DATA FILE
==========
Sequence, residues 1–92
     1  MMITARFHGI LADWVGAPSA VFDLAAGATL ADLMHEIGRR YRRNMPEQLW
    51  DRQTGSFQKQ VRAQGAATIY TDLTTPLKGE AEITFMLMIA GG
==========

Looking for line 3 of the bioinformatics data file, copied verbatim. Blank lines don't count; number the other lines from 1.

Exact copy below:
    51  DRQTGSFQKQ VRAQGAATIY TDLTTPLKGE AEITFMLMIA GG